When the Period podcast went live in 2016, it took a social-scientific approach to menstruation, a.k.a. "periods."
Kathryn Clancy, a biological anthropologist and former writer for Scientific American, served as the podcast host and brought both feminist and scientific lenses to the show, which halted production as the pandemic worsened in May of last year.
I found this podcast while looking for a list of the best science podcasts and consistently found myself learning new things about a topic that, for more than half the population, is a normal part of existence for much of our adult lives.
"Period is my chance to spend some time with my favorite topic, hang out with people I admire and learn more about the social, political and biological aspects of menstruation," Clancy, who holds a PhD in anthropology from Yale University, said in the first episode's blurb.
Some have framed the podcast, which currently has 35 episodes spanning three seasons plus a number of encore episodes dubbed "breakthrough bleeds," as dry and scholarly but — if you are into that sort of thing — it filled gap after gap in research in an easy to follow way.
Clancy, an associate professor in the Department of Anthropology at the University of Illinois, interviews researchers, activists, parents and children about everything from prepubescent girls' anticipation about their first periods to the "Periods for Pence" political advocacy campaign.
In one episode, Clancy interviews Elizabeth Rowe, a biological anthropologist who studies menstruation, the uterus and genetics. Rowe said her frustration with the masculine bias in "hard sciences" is what drew her to studying periods.
"Menstruation is not something that is ever seen as serious ... It's not worthy of study unless we're talking about in the realm of women's health and gynecology and something is going wrong," Rowe says the second episode. "It's just gross, shouldn't be talked about, or it's shameful or it's just silly — it's not (seen as) something that serious science should be used to study."
Rowe said she enjoys the juxtaposition of studying something that is often thought of as being feminine with an approach that so many people think of as being classically masculine: the aforementioned "hard sciences."
Clancy echoed the sentiment and said that a male advisor's response to her suggestion of studying menstruation while she was an undergraduate helped her to know her research focus was on the right path.
"There was this whole aspect of my undergraduate project ... (when I said), 'Oh, I really want to study this stuff with periods, and I want to talk about menstrual blood.' (My advisor) wrinkled up his nose and kind of went, 'Eww,' and I was like, 'Okay, now I have an idea of what I want to be doing,'" Clancy said.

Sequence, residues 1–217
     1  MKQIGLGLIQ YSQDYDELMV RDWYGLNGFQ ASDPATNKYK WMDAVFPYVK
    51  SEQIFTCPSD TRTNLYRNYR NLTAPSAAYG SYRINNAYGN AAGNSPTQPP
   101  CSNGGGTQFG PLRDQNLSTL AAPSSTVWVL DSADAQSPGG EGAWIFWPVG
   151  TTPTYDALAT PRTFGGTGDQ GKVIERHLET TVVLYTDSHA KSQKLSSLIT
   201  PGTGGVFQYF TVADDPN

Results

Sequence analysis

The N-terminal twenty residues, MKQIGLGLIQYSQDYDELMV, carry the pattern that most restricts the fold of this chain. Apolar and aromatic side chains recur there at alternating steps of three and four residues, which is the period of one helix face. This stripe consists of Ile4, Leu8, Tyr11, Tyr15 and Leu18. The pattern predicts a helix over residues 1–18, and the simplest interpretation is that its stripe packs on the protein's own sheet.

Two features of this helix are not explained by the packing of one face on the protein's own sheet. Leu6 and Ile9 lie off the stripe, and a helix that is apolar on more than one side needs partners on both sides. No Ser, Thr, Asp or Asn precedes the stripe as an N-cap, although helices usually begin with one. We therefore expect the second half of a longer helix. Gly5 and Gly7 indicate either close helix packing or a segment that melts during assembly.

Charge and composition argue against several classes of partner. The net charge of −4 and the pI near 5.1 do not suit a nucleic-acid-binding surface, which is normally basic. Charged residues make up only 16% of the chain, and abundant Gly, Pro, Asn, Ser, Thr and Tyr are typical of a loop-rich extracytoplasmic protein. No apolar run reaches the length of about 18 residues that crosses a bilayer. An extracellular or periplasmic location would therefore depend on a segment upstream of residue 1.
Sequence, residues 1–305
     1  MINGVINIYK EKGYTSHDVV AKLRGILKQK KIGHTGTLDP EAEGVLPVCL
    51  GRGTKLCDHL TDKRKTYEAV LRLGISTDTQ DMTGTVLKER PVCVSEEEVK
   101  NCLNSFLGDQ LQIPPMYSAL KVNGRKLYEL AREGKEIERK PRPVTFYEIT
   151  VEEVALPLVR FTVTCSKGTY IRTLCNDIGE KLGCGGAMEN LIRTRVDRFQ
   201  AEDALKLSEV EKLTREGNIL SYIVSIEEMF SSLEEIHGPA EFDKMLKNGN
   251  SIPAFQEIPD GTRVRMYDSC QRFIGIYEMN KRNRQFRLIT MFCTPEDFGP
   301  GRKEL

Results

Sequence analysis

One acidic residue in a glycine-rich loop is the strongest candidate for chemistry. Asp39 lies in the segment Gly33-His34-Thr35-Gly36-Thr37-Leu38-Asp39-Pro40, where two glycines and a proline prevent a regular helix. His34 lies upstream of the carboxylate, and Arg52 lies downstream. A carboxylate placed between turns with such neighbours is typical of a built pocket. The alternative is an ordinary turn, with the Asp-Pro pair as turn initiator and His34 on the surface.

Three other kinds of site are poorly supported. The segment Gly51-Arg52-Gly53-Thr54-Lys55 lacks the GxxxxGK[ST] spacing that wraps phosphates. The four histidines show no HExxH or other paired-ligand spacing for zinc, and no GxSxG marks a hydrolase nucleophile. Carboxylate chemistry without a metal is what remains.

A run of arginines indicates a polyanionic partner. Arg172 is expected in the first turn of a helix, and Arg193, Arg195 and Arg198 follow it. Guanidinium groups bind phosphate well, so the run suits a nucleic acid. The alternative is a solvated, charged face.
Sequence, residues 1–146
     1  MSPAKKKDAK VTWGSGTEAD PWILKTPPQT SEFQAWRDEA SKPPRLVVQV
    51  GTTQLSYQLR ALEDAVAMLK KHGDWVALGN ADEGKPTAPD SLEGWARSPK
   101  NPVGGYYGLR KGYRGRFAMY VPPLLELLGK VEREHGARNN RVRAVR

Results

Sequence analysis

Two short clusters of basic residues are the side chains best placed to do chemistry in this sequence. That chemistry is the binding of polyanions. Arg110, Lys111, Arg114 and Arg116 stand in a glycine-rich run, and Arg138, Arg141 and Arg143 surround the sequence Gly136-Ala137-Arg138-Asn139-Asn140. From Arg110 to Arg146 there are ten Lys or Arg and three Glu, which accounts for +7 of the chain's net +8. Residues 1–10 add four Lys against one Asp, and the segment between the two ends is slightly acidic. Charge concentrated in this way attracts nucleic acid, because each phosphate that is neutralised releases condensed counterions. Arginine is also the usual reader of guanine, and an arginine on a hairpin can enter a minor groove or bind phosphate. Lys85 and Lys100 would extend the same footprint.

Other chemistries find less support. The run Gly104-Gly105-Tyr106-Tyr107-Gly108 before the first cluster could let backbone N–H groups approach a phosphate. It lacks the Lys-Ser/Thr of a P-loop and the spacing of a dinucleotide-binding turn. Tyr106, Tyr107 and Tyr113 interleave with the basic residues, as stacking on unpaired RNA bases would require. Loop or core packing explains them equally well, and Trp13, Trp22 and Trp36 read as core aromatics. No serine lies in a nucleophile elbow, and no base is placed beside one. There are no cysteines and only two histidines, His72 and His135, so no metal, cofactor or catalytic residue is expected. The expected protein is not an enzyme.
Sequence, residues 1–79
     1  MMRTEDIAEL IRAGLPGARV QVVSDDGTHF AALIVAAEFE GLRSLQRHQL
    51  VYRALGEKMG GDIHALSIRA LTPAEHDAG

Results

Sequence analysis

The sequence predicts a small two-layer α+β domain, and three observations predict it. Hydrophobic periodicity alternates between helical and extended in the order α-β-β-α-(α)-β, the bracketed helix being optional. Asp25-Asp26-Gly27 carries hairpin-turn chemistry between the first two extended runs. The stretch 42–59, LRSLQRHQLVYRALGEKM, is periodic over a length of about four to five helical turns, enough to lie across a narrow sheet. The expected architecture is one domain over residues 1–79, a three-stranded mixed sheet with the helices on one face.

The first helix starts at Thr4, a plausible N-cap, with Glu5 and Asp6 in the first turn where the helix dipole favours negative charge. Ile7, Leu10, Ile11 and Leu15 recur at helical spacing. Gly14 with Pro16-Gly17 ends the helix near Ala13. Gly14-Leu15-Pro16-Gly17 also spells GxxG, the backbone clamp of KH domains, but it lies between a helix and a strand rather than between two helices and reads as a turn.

Each episode provides one or two in-depth interviews that never cease to amaze.
For example, Clancy dedicates one episode to the biological explanation of menstruation that reframes why primates — including humans, some bats, elephant shrews and some other mammals — have periods in the first place.
The expert that Clancy interviewed said the animals that do menstruate have an intimate connection between the mother and the fetus during pregnancy in terms of access to the mother's circulatory system.
"The fetus basically digs really deeply into mom's uterus to get at her blood supply. While it's great for a fetus to have that kind of access to mom's blood supply — they can get those nutrients and oxygen and so forth — it's actually potentially dangerous to moms," Rowe said. "A fetus that is a really aggressive digger, so to speak, could really harm mom's body."
Rowe added that the mother's body puts up a special tissue that acts as a shield against the fetus and enables the mother to protect her body against an aggressive fetus even before it's there.
"I call it sometimes 'pregaming' for pregnancy ... That shield is lost after pregnancy, and if pregnancy doesn't occur, that tissue is lost as part of menses," Rowe said.
Interviews like this top off the podcast and create an essential topic of conversation that is too often avoided.
Clancy also dedicated a number of episodes to the politicization of periods and, really, anything having to do with women's bodies.
In one, she interviewed Felisa Reynolds, an assistant professor of French at the University of Illinois at Urbana-Champaign, about their shared experience of trying to advocate for access to menstrual products and disposal receptacles. The two highlighted the inconsistency regarding bloodborne pathogens and biohazard cleanup in a workplace bathroom as opposed to a medical clinic.
The political episodes of the podcast dovetail with the menstruation equity movement that has been gaining steam across the country over the last few years. The New Mexico Legislature introduced two menstruation equity bills in 2019, but neither made it out of committee and the issue hasn't been addressed since.
Overall, Period is a wonky but accessible take on a phenomenon that can be mysterious, taboo and biologically complex.
Lissa Knudsen is the news editor at the Daily Lobo. She can be contacted at firstname.lastname@example.org or on Twitter @lissaknudsen